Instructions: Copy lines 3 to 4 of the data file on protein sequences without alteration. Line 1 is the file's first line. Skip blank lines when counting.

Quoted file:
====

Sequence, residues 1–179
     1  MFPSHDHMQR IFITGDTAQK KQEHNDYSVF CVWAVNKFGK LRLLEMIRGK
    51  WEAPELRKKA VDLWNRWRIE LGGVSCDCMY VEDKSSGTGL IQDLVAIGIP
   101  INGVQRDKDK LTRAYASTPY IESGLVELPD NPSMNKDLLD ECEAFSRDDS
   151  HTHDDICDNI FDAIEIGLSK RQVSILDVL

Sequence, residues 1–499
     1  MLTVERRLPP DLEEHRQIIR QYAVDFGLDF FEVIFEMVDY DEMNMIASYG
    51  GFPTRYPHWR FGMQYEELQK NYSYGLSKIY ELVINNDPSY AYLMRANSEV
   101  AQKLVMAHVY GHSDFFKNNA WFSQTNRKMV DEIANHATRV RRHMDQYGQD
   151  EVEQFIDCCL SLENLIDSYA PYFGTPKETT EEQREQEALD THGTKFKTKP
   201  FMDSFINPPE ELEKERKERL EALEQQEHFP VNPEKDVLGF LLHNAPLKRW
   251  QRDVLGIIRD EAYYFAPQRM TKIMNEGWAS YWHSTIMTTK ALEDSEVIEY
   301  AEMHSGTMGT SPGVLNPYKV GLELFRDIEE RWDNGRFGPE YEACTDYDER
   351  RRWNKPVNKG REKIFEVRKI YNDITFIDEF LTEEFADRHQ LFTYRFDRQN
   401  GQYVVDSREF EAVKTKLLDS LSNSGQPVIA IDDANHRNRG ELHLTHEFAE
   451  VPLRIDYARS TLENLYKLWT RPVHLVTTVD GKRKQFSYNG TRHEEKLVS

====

    51  WEAPELRKKA VDLWNRWRIE LGGVSCDCMY VEDKSSGTGL IQDLVAIGIP
   101  INGVQRDKDK LTRAYASTPY IESGLVELPD NPSMNKDLLD ECEAFSRDDS